All of these factors are making the design of innovative fasteners a priority. Companies are currently exploring ways to design fasteners that make the assembly process of devices quicker, stronger, and more economical. Many concepts are being modeled using CAD software and then printed and tested to determine the efficacy of the design.
In particular, manufacturers are turning to 3D printers to manufacture fasteners/joints for aircraft and other high-end applications. It is now becoming possible to use 3D printers to develop fasteners and joints with new capabilities. Major aerospace manufacturer Airbus is working on new joint technology, called “hyper joining,” which promises to be six-and-a-half times stronger than a bonded joint and can absorb 80 times more energy.[i] The joint also provides substantially better aerodynamics, which will lead to reduced fuel costs.
3D printing is being used to revolutionize everyday fasteners such as Unthreaded Expandable Fasteners (UEF). This particular UED is intended for posterior cervical stabilization plates and was manufactured using selective laser melting. Posterior cervical stabilization plates are usually secured using screws, but for a variety of reasons, it is easy to misalign the screw, which can ultimately lead to nerve damage and screws backing out. The UED that was 3D printed was incorporated into the implant, which eliminates the alignment issue therefore reduces the risk of surgery. The test results of the new fixture design were very promising; Taylor and Francis reports “The prototype UEF demonstrated a 41% increase in failure force and a 60% reduction in failure force standard deviation compared to the screws.”[ii]
Currently, infrastructure in the United States is in disrepair. It can be expected that firms will look to 3D printing to reduce the cost of repairing and modernizing the nation’s bridges, highways, and rails. The labor required to repair existing structures and build new structures will be one of the heaviest costs in getting the United States’ infrastructure up to par. This means there will be major incentives to design new types of fasteners that will be more economical and will allow construction workers to put together assemblies in a shorter amount of time. 3D printing will help with the prototyping of this next generation of fasteners and will be used to produce production quality parts when a lower quality of parts is needed.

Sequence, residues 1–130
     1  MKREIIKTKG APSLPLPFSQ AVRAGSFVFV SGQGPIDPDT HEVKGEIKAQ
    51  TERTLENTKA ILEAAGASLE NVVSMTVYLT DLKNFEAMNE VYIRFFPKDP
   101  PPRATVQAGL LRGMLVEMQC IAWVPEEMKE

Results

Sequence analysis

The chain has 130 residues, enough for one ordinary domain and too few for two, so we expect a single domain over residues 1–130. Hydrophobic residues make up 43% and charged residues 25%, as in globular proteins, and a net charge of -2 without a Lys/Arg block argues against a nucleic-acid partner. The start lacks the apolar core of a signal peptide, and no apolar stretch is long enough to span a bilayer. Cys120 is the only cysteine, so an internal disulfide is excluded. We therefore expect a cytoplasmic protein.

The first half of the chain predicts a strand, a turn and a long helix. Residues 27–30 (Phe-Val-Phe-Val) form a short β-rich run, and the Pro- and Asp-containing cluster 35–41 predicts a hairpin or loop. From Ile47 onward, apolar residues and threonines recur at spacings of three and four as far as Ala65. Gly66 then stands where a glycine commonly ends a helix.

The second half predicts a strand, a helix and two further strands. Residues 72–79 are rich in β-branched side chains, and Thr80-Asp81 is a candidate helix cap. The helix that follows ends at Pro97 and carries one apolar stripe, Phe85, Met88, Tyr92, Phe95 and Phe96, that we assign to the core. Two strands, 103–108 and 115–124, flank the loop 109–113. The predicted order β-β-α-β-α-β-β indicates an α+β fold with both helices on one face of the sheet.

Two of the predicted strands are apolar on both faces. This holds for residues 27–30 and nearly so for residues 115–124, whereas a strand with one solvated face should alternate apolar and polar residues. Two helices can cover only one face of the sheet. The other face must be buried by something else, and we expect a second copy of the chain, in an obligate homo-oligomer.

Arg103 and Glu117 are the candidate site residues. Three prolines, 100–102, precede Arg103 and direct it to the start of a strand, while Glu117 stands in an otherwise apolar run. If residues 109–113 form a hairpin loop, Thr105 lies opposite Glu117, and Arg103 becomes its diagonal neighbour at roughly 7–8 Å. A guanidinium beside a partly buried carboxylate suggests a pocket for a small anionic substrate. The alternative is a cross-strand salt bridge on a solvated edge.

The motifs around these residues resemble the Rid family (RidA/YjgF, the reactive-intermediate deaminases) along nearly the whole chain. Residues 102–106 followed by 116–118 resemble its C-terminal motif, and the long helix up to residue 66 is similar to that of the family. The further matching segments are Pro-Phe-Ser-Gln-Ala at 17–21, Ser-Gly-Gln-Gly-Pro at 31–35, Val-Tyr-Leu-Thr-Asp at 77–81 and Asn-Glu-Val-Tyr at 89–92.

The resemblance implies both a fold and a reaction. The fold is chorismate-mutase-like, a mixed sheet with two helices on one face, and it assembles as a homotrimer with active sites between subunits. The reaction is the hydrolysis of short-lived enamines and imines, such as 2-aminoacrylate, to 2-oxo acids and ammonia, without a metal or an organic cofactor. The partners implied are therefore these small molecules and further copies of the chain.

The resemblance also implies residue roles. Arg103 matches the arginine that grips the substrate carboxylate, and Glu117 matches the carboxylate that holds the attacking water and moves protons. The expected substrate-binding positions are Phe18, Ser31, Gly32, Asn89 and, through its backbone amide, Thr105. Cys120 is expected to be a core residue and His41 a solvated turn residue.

Fasteners are found in everything and presently there is a huge demand to develop high-end fasteners that simultaneously reduce cost while providing increased product value. 3D printing technologies are allowing firms to develop fasteners with functionalities that could not be achieved using conventional manufacturing methods. Companies that are engaged in the design of fasteners or are modifying the design of their products to accept new types of fasteners can use the federal Research and Development Tax Credit to offset their development costs and help fund their future R&D activities.
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[i] FASTENER UPDATE. (2014). Wire Journal International, 47(9), 24.
[ii] Oldakowski, M., Oldakowska, I., Kirk, T. B., Ford, C. T., Sercombe, T. B., Hardcastle, P., & Day, R. E. (2016). Pull-out strength comparison of a novel expanding fastener against an orthopaedic screw in an ovine vertebral body: an ex-vivo study. Journal Of Medical Engineering & Technology, 40(2), 43-51.
Charlie R. Goulding and Peter Saenz of R&D Tax Savers discuss 3D printed fasteners.